Since there was a shortage of skilled male workers, complex jobs had to be broken down into simpler tasks without threatening male wages. Women taking up munitions jobs also elicited particular anxieties. This was because women lamented that they were givers of life but were now being trained to take lives.
Most women were disturbed by the fact that they were using their life’s energy to destroy human souls. However, the women were also proud that they were doing all they could to bring the war to an end. Making bombs became “perfectly natural” to women. It was like making love. Propagandists got busy trying to reconcile women’s dual roles as life-givers and manufacturers of deadly weapons.
Employment opportunities for women continue to widen during the war. However, women were admitted to these jobs with strict conditions. Women were told that they did not actually replace the men but were only allowed to perform certain tasks. This was why feminists lobbying for equal wages never succeeded. Women ended up being paid half of what men were paid. The women were expected to return to their traditional roles at the end of the war.
Purpose and Emancipation
The war gave women in Britain a new sense of emancipation and purpose. Although women earned less than men, the factory wages offered were higher than what they were paid in domestic service. The women working in factories challenged the gender order. This was because they were able to demonstrate that they could perform skilled work in areas that were previously off-limits to them.
When Britain declared war on Germany, a rush of panic buying began. People started hoarding food. Several shops were closed after they were emptied by anxious shoppers. Although the government did not intervene during the early stages of food shortages, by 1916, food problems became so serious that the government was forced to intervene.
The idea of food rationing was alien to British citizens. This was because the majority of the citizens felt that voluntary restraint would be sufficient to contain food shortages. With the intensification of the German U-boat campaign, however, necessary action was needed.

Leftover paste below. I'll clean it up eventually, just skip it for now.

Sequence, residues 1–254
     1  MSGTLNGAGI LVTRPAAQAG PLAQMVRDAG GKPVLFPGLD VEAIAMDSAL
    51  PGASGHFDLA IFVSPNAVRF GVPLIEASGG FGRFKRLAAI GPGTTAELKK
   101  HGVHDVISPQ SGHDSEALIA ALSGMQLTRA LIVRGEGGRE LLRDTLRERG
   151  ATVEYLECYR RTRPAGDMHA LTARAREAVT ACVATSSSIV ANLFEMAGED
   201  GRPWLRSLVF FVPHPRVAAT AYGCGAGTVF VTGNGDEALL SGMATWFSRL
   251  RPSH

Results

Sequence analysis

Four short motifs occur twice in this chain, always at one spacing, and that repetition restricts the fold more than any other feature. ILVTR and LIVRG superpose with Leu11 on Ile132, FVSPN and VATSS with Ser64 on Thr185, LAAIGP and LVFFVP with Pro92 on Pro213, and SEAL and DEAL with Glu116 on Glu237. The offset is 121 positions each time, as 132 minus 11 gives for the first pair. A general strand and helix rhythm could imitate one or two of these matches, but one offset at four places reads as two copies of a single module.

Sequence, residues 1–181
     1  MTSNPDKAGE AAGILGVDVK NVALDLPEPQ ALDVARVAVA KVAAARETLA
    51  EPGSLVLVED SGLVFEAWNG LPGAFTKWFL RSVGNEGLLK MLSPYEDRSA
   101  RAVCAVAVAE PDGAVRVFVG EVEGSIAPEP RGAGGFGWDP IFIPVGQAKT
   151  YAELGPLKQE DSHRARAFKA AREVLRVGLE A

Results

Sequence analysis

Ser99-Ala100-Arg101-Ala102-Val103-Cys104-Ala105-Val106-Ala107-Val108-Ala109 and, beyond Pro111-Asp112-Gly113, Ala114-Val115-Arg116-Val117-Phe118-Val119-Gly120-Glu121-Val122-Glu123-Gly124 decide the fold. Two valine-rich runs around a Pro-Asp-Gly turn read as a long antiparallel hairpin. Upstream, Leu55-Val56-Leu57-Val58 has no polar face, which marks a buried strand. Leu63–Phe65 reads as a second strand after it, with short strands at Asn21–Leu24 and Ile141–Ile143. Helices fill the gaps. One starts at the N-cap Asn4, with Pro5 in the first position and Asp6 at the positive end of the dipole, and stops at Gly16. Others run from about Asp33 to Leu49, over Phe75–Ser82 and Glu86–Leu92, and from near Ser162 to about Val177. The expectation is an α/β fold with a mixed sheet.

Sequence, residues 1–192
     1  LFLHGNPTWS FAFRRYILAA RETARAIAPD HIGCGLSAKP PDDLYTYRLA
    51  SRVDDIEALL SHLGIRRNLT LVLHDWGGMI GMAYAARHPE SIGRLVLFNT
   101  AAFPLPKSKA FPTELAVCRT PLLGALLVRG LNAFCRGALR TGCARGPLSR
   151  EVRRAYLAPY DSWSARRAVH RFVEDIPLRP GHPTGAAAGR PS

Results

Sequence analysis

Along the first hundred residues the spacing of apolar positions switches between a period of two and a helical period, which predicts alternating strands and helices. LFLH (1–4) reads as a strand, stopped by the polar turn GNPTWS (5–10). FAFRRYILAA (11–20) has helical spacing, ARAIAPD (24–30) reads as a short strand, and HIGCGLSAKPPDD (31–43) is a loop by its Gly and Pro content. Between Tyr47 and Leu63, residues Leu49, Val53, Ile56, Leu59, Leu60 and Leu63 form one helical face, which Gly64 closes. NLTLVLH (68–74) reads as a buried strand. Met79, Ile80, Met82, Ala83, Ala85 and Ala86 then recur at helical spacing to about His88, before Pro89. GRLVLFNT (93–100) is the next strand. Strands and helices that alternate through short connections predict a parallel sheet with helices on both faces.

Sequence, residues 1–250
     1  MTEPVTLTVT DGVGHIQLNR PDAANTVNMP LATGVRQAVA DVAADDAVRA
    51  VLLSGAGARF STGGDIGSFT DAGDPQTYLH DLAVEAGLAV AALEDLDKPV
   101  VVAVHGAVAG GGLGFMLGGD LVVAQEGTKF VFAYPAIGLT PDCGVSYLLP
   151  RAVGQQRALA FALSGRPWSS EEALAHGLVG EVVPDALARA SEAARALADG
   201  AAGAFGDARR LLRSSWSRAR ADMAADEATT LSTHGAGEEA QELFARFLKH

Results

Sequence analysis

In January 1918, the government launched a national sugar rationing scheme. People were not allowed to buy more than one pound of sugar per week. Rationing was also extended to include butter and margarine, fresh meat, bacon and tea.
Debates and Controversies of World War 1
Despite winning the war, Britain and her Allies lost a lot of soldiers. The scale of human devastation that was witnessed was blamed on incompetent leadership. The people of Britain showed disdain towards the generals of the British army. The generals were viewed as “donkeys” who sent “lions”, the soldiers, to their deaths in futile battles.
However, the generals could not be entirely blamed because they were used to handling small-scale forces during colonial battles. World War 1 was, therefore, a war for which they were almost entirely unprepared. They, therefore, had much to learn from this war. Despite all the challenges and setbacks, the British army that comprised of bank clerks, miner, businessmen and shop assistants emerged as a formidable fighting force.
Shot at Dawn
During the Great War, soldiers who deserted their duties were shot at dawn. This form of punishment was meant to act as a deterrent to others. This was because soldiers who deserted their duties were viewed as cowards. A lot was expected from the soldiers. Their king and country put all their hopes on them so they had to fight to the death.
However, things quickly took a different turn as the war became the most brutal war in the history of humanity. Even the most experienced of soldiers was not prepared to endure the scale of carnage that would unfold before him. For some soldiers, this horror proved too much to handle. Many soldiers simply chose to run away as they could not stand the horror on the battlefield. The trauma of witnessing so much devastation in the trenches saw the first recognition of PTSD, named “shell-shock” at the time.
The army could not afford to carry cowards, the military executed a total of 306 of its own soldiers during the First World War. The names of these soldiers do not even appear on the official list of war memorials because they were considered to have brought such a shame to the country.